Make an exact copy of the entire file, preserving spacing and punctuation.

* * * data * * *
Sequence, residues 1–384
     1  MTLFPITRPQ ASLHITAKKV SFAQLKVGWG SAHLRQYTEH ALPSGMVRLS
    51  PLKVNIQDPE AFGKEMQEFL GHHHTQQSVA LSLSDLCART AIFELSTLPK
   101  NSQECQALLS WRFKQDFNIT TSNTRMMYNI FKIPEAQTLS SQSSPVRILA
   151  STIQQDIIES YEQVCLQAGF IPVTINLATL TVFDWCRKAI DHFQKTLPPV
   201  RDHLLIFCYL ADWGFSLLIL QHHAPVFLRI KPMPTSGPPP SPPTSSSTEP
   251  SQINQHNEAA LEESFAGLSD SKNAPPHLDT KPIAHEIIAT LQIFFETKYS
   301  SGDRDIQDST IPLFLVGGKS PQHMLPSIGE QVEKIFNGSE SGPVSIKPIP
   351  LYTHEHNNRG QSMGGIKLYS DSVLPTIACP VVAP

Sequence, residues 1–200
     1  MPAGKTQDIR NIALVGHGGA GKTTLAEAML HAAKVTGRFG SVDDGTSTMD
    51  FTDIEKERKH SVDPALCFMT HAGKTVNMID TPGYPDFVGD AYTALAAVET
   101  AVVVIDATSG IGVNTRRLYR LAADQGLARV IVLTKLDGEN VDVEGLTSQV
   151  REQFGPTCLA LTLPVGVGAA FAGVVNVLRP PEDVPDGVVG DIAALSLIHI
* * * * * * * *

Sequence, residues 1–384
     1  MTLFPITRPQ ASLHITAKKV SFAQLKVGWG SAHLRQYTEH ALPSGMVRLS
    51  PLKVNIQDPE AFGKEMQEFL GHHHTQQSVA LSLSDLCART AIFELSTLPK
   101  NSQECQALLS WRFKQDFNIT TSNTRMMYNI FKIPEAQTLS SQSSPVRILA
   151  STIQQDIIES YEQVCLQAGF IPVTINLATL TVFDWCRKAI DHFQKTLPPV
   201  RDHLLIFCYL ADWGFSLLIL QHHAPVFLRI KPMPTSGPPP SPPTSSSTEP
   251  SQINQHNEAA LEESFAGLSD SKNAPPHLDT KPIAHEIIAT LQIFFETKYS
   301  SGDRDIQDST IPLFLVGGKS PQHMLPSIGE QVEKIFNGSE SGPVSIKPIP
   351  LYTHEHNNRG QSMGGIKLYS DSVLPTIACP VVAP

Sequence, residues 1–200
     1  MPAGKTQDIR NIALVGHGGA GKTTLAEAML HAAKVTGRFG SVDDGTSTMD
    51  FTDIEKERKH SVDPALCFMT HAGKTVNMID TPGYPDFVGD AYTALAAVET
   101  AVVVIDATSG IGVNTRRLYR LAADQGLARV IVLTKLDGEN VDVEGLTSQV
   151  REQFGPTCLA LTLPVGVGAA FAGVVNVLRP PEDVPDGVVG DIAALSLIHI